How AI Will Help Procurement Overcome the Historical Flaws of Spend Analytics

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Spend analytics technology is not new to procurement. Yet a significant number of practitioners report feeling overwhelmed by the amount of data they have to handle, let alone knowing how to make sense of it all in a meaningful way. How can this be when the technology to solve such problems has existed for several decades?

The answer lies in the historical flaws of the spend analytics market. Up until now, the dirty secret is that analytics technology has actually performed worse than humans at classifying spend data. But with advances in machine learning, particularly the power of deep learning, the gaps in analytics offerings are beginning to narrow.

To see how, here are the top three historical flaws in the spend analysis market — and how artificial intelligence will help procurement move beyond them.

Less Accurate than a Human

While previous-generation spend analysis solutions offered procurement organizations much needed automation, one of the fundamental flaws of these solutions was that they were also far less accurate at classifying data than the average human.

Old approaches relied on statistical classification or pattern matching to categorize spend data, for the simple reason that these techniques were the ones most readily available during the prior spend analytics era. But whereas a team of spend analysts or consultants could manually classify data to a standard of 98% accuracy, solutions that rely on statistical mapping can only offer, at best, 80% accuracy.

Why the gap? Because statistical and pattern-based techniques have inherent weaknesses that require human intervention to overcome.

While the system is capable when handing data it is familiar with, previous-generation solutions often fail to classify tail spend correctly, as well as on seldom-used suppliers, products and services that are new to their engines. They also are often stumped by new languages and geographies, an important consideration as supply chains become increasingly complex and global.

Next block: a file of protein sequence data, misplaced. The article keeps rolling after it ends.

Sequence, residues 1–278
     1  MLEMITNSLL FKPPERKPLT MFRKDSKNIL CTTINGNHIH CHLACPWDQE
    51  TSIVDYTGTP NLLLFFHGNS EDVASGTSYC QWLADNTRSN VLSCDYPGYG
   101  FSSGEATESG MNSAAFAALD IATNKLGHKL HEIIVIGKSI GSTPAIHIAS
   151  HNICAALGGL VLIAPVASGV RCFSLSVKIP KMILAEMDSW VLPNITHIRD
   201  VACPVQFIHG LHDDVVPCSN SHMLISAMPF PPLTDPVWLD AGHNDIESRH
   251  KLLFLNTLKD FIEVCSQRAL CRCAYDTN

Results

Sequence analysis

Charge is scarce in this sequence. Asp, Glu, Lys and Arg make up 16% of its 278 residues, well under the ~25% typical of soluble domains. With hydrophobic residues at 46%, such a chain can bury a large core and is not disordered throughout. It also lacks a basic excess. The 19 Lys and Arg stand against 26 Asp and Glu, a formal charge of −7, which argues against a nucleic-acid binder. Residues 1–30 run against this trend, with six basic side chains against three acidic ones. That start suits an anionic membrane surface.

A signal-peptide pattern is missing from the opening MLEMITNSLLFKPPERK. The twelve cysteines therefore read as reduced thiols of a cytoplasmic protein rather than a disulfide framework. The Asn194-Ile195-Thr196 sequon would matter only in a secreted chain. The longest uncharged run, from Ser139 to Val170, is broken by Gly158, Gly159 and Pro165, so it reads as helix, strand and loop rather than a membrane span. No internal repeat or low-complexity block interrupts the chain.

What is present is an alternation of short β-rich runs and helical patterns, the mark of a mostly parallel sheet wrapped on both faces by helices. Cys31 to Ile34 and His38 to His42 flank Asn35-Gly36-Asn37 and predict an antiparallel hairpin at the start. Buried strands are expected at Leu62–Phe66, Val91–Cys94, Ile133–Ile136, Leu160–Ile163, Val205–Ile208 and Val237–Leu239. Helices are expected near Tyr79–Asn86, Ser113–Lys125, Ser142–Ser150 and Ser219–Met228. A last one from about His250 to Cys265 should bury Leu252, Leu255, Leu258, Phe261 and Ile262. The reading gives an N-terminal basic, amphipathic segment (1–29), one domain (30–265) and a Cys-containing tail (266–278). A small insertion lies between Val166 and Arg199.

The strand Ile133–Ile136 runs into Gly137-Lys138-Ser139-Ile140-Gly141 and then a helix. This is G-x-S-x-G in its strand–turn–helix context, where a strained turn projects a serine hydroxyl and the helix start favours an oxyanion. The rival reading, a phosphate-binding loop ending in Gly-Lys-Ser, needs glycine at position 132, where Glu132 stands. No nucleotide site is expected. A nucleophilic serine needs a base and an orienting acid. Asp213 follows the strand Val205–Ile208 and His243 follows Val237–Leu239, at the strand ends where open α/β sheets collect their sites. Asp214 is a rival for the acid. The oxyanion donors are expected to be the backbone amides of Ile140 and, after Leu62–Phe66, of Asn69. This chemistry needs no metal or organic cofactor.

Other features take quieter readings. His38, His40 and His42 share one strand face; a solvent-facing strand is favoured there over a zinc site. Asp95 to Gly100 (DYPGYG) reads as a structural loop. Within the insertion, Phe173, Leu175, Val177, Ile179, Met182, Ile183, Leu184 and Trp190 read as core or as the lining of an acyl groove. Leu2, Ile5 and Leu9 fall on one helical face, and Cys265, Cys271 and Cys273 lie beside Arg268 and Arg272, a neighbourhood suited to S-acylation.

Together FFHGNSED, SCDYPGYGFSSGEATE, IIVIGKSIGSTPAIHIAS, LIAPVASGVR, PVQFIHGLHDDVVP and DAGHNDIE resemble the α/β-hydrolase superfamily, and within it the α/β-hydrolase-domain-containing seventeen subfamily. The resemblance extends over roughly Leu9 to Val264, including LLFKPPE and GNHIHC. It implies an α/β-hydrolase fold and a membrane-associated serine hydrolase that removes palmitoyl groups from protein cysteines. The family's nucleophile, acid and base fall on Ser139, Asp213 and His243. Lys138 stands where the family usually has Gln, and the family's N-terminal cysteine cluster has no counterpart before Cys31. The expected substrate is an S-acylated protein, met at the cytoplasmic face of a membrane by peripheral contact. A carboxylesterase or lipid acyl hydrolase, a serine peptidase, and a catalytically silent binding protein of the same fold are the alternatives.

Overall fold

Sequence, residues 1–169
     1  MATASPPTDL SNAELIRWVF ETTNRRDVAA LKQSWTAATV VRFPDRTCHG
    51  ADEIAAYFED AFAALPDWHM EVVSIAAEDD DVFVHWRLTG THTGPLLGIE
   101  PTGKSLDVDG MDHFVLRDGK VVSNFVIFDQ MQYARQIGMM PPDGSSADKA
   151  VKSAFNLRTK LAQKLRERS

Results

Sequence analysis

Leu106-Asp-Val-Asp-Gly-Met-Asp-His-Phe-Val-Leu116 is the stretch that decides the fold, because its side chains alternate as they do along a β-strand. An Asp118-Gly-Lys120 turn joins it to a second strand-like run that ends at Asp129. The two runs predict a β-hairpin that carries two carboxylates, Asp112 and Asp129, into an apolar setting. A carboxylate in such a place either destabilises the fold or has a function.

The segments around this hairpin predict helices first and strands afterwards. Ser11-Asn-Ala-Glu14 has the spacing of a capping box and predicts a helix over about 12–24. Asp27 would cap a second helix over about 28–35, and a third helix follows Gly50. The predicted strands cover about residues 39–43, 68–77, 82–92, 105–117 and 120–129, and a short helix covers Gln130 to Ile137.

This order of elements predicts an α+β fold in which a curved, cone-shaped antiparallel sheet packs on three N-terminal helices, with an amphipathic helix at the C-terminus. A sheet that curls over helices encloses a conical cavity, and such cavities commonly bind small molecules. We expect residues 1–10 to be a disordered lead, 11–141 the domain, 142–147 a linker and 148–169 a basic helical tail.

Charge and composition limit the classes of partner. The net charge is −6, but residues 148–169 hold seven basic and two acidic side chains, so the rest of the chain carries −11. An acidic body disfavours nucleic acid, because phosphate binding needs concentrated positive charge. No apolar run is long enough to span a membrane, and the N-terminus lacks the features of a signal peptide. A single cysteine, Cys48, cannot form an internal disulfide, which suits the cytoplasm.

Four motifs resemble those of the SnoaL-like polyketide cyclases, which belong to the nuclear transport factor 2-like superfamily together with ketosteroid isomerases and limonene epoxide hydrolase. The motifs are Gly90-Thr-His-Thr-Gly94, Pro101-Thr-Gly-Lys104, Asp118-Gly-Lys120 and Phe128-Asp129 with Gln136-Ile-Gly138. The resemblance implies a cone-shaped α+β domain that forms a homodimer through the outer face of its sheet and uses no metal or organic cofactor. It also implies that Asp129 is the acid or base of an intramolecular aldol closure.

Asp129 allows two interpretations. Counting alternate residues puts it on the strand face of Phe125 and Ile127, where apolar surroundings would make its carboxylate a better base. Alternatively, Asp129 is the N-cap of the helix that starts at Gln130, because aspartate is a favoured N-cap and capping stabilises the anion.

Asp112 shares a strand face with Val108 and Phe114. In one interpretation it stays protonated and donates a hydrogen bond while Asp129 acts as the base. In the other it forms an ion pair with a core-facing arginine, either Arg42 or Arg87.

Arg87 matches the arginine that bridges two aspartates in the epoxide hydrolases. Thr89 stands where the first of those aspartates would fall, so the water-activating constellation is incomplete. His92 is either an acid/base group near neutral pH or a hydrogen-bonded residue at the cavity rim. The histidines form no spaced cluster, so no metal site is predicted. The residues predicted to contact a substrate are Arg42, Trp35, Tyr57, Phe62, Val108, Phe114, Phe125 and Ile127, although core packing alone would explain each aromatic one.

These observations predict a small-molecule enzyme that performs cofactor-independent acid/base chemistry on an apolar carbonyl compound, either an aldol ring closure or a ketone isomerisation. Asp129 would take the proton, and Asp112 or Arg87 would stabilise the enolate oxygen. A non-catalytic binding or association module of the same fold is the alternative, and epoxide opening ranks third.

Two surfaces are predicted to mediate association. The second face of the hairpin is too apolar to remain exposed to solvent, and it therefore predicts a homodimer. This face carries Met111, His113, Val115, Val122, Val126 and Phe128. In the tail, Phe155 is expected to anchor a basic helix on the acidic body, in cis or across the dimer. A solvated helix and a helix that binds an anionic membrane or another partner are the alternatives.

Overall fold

New machine learning-based platforms present a compelling solution to these weaknesses. By automating analytical model building, machine learning uses algorithms to learn from data, allowing platforms to continuously improve themselves. That means as providers have trained their algorithms on reams of spend data, the system has exponentially improved and already learned how to deal with atypical spend scenarios.

The end result: Today’s leading AI-based spend analysis platforms can cleanse and classify spend data at levels of 98% accuracy — the same as a team of human analysts.

Speed for the Modern Era 

Beyond getting your money’s worth for a solution that actually works, AI-powered spend analysis platforms help procurement groups save on an even more valuable resource: their time.

Because of their historical inaccuracy, solutions that relied on statistical mapping still required plenty of human work in addition to the automation they promised. When an analysis yielded erroneous results and bad mappings from poorly classified data, users would have to define special overrides — new mapping rules — and rerun them after every data load and classification to produce usable results.